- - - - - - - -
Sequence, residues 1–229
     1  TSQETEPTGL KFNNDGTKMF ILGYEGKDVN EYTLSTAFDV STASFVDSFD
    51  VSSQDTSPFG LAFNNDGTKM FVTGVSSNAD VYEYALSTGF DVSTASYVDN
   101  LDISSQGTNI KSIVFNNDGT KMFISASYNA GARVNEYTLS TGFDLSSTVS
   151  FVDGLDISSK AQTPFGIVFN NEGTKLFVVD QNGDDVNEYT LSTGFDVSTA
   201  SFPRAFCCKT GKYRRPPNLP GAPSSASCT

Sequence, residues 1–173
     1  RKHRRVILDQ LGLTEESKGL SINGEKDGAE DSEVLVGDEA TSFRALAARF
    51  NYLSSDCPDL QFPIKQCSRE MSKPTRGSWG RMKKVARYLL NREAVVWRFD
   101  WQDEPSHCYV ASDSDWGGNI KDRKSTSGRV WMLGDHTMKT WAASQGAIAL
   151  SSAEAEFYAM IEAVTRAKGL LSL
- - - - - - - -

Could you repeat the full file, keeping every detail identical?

Sequence, residues 1–229
     1  TSQETEPTGL KFNNDGTKMF ILGYEGKDVN EYTLSTAFDV STASFVDSFD
    51  VSSQDTSPFG LAFNNDGTKM FVTGVSSNAD VYEYALSTGF DVSTASYVDN
   101  LDISSQGTNI KSIVFNNDGT KMFISASYNA GARVNEYTLS TGFDLSSTVS
   151  FVDGLDISSK AQTPFGIVFN NEGTKLFVVD QNGDDVNEYT LSTGFDVSTA
   201  SFPRAFCCKT GKYRRPPNLP GAPSSASCT

Sequence, residues 1–173
     1  RKHRRVILDQ LGLTEESKGL SINGEKDGAE DSEVLVGDEA TSFRALAARF
    51  NYLSSDCPDL QFPIKQCSRE MSKPTRGSWG RMKKVARYLL NREAVVWRFD
   101  WQDEPSHCYV ASDSDWGGNI KDRKSTSGRV WMLGDHTMKT WAASQGAIAL
   151  SSAEAEFYAM IEAVTRAKGL LSL